• Jay says:

      I also thought writing notes would be a good idea because of that emotional release you referred to.

      Your comment about boundaries made me smile. It certainly does feel like he is setting an awful lot all of a sudden. But I’ve been processing this a lot and trying to understand whether his boundaries had perhaps always been there but it’s only because I am testing them now that they seem to be so much more present.

      I am so OVER aware of keeping boundaries in place, which is not even my responsibility as a client. In fact, I always tell him our time is up and as much as I want or need to contact him during the week, I don’t. I don’t even ask him personal questions because I would feel awful putting him in that position.

      Thank you for your support and words of encouragement. I think I will definitely keep writing the notes, even if just for myself.

  3. Therapy is so hard… You write so much of what I, and I’m sure others, are feeling. I’m thankful for your thoughts and sad for your continued struggle…

    • Jay says:

      Indeed it is! I wish there was an easier way sometimes but I guess that is part of the human struggle. We learn from experiencing, not getting or being told.

      Your words really are kind. I look forward to reading about your personal journey. We can truly learn a lot from each other and others here.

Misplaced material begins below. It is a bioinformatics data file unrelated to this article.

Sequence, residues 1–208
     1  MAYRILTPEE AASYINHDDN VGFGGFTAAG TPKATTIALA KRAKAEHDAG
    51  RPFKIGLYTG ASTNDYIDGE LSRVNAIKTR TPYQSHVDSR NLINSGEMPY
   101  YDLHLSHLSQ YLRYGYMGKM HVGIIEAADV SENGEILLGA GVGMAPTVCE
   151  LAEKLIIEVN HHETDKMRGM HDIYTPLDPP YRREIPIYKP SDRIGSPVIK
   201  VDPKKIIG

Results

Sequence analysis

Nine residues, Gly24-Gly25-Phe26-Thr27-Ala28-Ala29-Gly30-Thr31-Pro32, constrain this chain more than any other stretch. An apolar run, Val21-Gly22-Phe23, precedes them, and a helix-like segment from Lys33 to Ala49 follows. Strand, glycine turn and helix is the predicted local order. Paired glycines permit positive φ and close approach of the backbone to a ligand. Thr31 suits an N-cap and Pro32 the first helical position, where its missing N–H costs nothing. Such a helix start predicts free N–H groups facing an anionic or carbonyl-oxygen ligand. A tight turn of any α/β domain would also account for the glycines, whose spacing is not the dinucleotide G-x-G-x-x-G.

4. Sandy Sue says:

    Yes, therapy is hard. Being vulnerable is hard. DS is right to hold the therapeutic boundary with you, though. I’ve had therapist who didn’t and that is just a recipe for disaster.

    I journal every day, much like what you do with your notes. How would it feel to keep a notebook of your writings, something for you instead of DS? I find that writing brings clarity to my thoughts, bleeds them of some of the emotion and urgency. It also helps me figure out what feels most important to take to my therapist.

    • Jay says:

      You are very wise Sandy Sue. While I am very confused and in despair about what is happening in the therapy room, I completely respect DS for holding that boundary. Obviously, I envisage how certain changes in his behaviour would benefit me but I respect that he has enforced that boundary because it is the only way for him to do his job sustainably.

      I am glad to hear you journal. I think it might be beneficial for me to continue writing about my life. As you say, when it’s down on paper, it takes on a new quality. We can observe our brain matter from the outside so to speak. I’ll try this and let you know how it goes. x

  5. Yes it’s up to the therapist to set boundaries. You’re right, it isn’t the patient’s responsibility. I think it’s also important from his point of view that whatever happens in a session stays within that session and does not spill over into ‘homework’ for him!